There are no words to adequately describe my feelings that fateful day I went in for the ultrasound. It felt like someone had taken a big fat needle and poked it through my over inflated heart; a heart that had expanded beyond the limits of what I had previously ever thought was possible. In that life-shattering moment when I realized that my baby had no heartbeat, I let go of my fiancé’s hand and suddenly felt completely disconnected from him.

Feeling utterly helpless and alone, I was ashamed for allowing myself to be happy before and for allowing others to be happy for me. I even felt stupid for saying my mantra every day.

We drove home in a shell-shocked disbelief. It was especially hard for me to comprehend because my body had not yet expelled the baby. I still felt pregnant in many ways. It was the biggest mind fuck. I scheduled a procedure for the week after to have my baby removed, so that I could avoid the pain and trauma of a natural passing. One of the ways I dealt with it was immediately messaging everyone that knew, “The baby died.” Already I was seeing the life that had once been within me, the life that was to be shared with mine, as no longer part of me. “My baby” became “The baby.” It was harsh and probably not the best way, but I felt I needed to burst everyone’s bubble just as quickly as mine had been deflated. I didn’t want one person having unwarranted celebratory thoughts or asking me any further questions.

One of the hardest things about having a miscarriage is finding as much meaning in your life again when it’s back to just you.

Going back to the life I had lived before seemed to pale in comparison to living for the new life I was to have brought into this world. Work had less purpose. My relationship seemed less meaningful. My joy seemed unimportant. The vibrant hues in which I had previously perceived a world filled with life dulled down to listless shades of black and white.

Recovering from such a loss is a process. Talking to others who came forward with their own stories of miscarriage helped. Writing about it and sharing it with women who may feel shame over experiencing this life-changing event is profoundly healing.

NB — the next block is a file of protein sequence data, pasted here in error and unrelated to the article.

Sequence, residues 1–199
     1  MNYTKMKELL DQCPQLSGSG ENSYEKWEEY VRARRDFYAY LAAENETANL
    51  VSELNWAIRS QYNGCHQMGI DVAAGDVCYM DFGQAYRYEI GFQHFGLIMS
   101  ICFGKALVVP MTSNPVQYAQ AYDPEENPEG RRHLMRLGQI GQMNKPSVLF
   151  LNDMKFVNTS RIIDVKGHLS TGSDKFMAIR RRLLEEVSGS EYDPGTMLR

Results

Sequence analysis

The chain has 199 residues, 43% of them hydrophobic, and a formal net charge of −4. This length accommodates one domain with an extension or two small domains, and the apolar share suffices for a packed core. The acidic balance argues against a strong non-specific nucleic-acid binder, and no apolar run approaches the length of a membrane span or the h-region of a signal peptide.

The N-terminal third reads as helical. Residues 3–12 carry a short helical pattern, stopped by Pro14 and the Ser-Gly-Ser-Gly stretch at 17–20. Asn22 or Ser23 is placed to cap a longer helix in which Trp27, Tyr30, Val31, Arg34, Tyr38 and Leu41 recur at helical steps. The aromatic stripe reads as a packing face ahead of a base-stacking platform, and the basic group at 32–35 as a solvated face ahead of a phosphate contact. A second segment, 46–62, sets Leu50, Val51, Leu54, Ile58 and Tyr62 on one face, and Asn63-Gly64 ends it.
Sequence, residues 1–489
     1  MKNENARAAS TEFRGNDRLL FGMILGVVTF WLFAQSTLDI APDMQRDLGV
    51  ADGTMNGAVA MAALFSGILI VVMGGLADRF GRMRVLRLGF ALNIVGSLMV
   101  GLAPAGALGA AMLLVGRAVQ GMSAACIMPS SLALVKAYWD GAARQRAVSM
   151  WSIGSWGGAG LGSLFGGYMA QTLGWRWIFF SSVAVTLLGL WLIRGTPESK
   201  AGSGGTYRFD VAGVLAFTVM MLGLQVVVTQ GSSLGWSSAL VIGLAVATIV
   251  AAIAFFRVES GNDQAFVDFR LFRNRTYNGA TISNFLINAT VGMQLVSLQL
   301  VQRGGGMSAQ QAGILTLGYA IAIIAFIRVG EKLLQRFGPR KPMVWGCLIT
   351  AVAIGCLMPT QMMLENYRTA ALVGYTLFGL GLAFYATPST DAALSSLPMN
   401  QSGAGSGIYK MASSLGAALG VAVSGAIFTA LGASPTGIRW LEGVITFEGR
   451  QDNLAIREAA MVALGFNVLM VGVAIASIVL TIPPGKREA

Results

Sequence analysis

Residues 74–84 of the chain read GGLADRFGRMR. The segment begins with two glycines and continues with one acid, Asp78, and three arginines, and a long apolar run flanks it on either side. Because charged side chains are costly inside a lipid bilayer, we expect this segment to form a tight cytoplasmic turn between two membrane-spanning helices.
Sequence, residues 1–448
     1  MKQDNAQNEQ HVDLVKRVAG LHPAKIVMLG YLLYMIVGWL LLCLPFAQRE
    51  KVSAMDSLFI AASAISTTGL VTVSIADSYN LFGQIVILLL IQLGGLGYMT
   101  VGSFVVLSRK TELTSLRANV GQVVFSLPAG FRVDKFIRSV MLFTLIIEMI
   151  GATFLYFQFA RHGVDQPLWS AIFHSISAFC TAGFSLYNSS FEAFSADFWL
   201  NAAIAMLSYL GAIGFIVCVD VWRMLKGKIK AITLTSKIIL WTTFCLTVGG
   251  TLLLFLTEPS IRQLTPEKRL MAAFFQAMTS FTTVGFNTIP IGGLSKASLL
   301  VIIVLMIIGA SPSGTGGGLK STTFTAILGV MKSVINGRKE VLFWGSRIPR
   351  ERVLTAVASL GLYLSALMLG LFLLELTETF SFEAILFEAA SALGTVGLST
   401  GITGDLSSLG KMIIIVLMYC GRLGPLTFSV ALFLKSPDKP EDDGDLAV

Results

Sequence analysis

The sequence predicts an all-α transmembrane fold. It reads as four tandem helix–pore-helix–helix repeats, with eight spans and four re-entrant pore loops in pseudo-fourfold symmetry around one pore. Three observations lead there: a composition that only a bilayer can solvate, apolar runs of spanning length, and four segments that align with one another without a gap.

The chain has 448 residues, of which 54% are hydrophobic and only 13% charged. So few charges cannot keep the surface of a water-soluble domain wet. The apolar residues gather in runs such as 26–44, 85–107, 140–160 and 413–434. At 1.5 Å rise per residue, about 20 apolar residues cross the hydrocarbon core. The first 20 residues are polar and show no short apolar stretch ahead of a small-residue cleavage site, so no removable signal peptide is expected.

Despite what some people have told me, there is nothing I could have done to save this baby.

Being healthy and fit was completely independent of me having a full term pregnancy. For the average healthy woman, a miscarriage can be caused by chromosomal abnormalities that are beyond the control of either parent. It is nature’s way of ending a pregnancy that isn’t developing properly. In most cases, it has no bearing on the success of future pregnancies.

I’ve been told that despite going on to having a healthy full term baby after a miscarriage, one never forgets the experience of such a loss. We often only get to see and hear about the successful pregnancy stories.

Hopefully we can stop the stigma around miscarriages by bringing stories like this to light and openly discussing them.

The gift that this child gave me was to see that my life without a child deserves to have just as much meaning as one with it. Even if I wasn’t going to do it for another human being, I have every right to continue making my life the best it can be for myself. Having a miscarriage taught me some of the greatest lessons…learning to let go and finding a deeper meaning to self-love.

Anything can happen at any given moment, but it doesn’t mean you don’t deserve to celebrate joy when the chance presents itself. It also doesn’t mean you can’t feel sadness when that joy is taken away. There is no shame in any of those very human emotions.

I’m still working on finding my joy again, but I know that instead of closing myself off to it, I want to remain open so that I don’t go back to being a person in fear of the other shoe waiting to drop. Will I be a worried, nervous ball of anxiety if I ever get pregnant again? Probably. But I’ll also be a hopeful, excited mother-to-be who is living a life into which I would be proud to bring my child.